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Royal BC Museum Scientists presenting Flathead science

By Contributor
January 22nd, 2014

The Flathead River Valley is well known for charismatic mega fauna such as grizzly bears and moose, but, over the past few years teams of researchers have discovered it’s also home to dozens of uncommon, tiny critters such as bugs, bats and birds.

The discovery of a brand new spider species, the first Canadian record of a rare spider, several rare butterflies, an unusual fish species found only in the Flathead and the first B.C. sighting in 100 years of a Herrington’s Fingernail Clam are some of the significant science findings from two years of BioBlitzes.

The August 2012 BioBlitz was conducted by 10 scientists, including six from the Royal B.C. Museum, and focused on documenting a stunning variety of rare, at-risk and extensive invertebrates from clams to butterflies to spiders. The second Flathead River Valley BioBlitz, which took place this past summer focused on Birds and Bats.

“The BioBlitz results prove that B.C.’s Flathead has remarkable biodiversity not just in mammals and plants but also in a stunning variety of smaller organisms that are essential for a healthy ecosystem,” said Wildsight Southern Rockies Program Manager Ryland Nelson

“Scientists did not find a single introduced species of spider or mollusc, which is very unusual,” said Bob Peart, Executive Director of Sierra Club BC. “They found 71 spider species, and 14 of these findings are considered scientifically significant.”

At this past summers BioBlitz nine species of birds were recorded that are either classified as rare regionally or as “declining and rare” on the American Bird Conservancy watch list. In total, over 115 bird species were recorded over the 10 day blitz.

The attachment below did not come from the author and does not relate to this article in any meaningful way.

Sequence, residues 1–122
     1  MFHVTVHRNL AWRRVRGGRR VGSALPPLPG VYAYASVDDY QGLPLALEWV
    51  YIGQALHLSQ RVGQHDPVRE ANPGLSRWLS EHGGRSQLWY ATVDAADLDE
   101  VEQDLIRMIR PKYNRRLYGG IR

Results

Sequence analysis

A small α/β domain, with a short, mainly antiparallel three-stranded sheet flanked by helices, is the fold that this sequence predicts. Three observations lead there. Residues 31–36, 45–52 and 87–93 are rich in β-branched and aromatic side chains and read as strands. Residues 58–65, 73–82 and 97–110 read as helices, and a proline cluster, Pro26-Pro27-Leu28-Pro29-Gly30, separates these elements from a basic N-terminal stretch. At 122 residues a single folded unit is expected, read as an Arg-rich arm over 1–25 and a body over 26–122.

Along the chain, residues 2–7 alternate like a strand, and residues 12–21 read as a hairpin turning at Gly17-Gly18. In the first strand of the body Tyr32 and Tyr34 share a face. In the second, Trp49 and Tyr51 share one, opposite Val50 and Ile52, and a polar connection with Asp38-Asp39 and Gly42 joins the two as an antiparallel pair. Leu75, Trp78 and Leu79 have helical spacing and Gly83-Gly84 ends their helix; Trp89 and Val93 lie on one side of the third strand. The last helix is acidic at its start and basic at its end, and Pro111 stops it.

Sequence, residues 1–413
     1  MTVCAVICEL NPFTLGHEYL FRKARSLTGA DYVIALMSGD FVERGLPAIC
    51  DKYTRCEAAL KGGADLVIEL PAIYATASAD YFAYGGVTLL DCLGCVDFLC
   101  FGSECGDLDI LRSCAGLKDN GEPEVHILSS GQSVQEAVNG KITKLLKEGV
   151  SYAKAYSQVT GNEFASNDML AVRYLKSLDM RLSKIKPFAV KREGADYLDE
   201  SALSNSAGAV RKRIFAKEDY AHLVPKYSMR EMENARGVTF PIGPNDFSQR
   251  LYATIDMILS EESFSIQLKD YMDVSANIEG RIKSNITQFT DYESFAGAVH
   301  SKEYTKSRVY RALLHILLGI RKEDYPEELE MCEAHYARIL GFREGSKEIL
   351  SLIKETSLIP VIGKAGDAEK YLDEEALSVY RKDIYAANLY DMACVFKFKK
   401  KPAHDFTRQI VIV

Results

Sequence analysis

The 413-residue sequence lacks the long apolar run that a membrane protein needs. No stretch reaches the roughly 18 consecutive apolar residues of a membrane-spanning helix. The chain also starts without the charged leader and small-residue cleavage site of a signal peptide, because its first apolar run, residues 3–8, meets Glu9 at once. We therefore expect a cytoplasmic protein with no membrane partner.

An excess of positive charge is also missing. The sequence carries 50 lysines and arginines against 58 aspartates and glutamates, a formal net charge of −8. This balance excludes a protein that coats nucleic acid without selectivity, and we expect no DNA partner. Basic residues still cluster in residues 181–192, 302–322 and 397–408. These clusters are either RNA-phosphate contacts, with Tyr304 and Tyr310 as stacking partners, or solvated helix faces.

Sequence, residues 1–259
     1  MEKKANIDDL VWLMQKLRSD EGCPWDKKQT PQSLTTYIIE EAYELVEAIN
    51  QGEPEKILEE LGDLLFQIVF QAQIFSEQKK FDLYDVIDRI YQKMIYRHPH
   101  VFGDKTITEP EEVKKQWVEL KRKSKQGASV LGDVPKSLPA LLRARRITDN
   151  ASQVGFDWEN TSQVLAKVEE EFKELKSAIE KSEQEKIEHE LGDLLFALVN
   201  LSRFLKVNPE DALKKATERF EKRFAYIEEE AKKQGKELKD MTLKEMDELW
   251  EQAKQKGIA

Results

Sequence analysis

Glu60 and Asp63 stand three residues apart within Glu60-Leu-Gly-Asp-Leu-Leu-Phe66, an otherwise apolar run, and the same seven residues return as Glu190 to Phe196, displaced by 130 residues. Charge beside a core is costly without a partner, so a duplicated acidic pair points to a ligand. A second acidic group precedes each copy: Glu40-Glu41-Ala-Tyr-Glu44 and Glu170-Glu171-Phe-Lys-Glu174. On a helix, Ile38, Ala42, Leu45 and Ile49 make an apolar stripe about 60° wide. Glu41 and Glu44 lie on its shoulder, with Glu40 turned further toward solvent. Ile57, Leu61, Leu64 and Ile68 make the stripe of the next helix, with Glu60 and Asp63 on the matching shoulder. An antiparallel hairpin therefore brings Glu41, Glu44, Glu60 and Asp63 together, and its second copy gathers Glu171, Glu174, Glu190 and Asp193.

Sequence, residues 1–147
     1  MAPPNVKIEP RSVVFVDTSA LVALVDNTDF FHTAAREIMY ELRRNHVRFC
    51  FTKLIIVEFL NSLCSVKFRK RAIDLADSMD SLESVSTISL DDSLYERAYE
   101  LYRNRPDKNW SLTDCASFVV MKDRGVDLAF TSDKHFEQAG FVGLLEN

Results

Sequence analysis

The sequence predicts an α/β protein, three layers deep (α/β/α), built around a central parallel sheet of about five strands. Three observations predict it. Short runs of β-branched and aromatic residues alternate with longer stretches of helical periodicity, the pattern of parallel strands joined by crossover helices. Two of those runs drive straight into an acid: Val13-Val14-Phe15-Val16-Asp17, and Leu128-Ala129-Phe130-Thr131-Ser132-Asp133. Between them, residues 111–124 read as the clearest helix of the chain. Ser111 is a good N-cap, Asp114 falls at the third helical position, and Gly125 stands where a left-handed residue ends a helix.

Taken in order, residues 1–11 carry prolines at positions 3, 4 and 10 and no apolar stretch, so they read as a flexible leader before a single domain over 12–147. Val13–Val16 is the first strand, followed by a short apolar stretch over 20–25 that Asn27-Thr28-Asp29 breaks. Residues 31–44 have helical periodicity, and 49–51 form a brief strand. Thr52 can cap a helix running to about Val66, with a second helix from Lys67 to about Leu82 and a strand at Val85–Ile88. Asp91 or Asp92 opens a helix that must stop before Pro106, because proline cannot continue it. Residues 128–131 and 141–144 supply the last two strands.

Other findings include the discovery of 10 of Canada’s 18 bat species and five small invertebrates considered rare — including the Herrington’s fingernail clam.

“It’s even smaller than the size of your fingernail,” said Melissa Frey, curator of invertebrates with the Royal B.C. Museum. “That’s a species that hasn’t been documented in this area of the world, in British Columbia, for more than 100 years. “That was a very exciting find,” she added.

Want to learn more? Wildsight will be hosting a presentation in conjunction with Sierra Club BC and the Royal BC Museum, A Wild Life in the Flathead Valley, at the College of the Rockies Lecture Theatre in Cranbrook on January 22nd at 7 p.m.  They will then move on to Fernie on Thursday January 23rd at 7 p.m. at the Arts Station.

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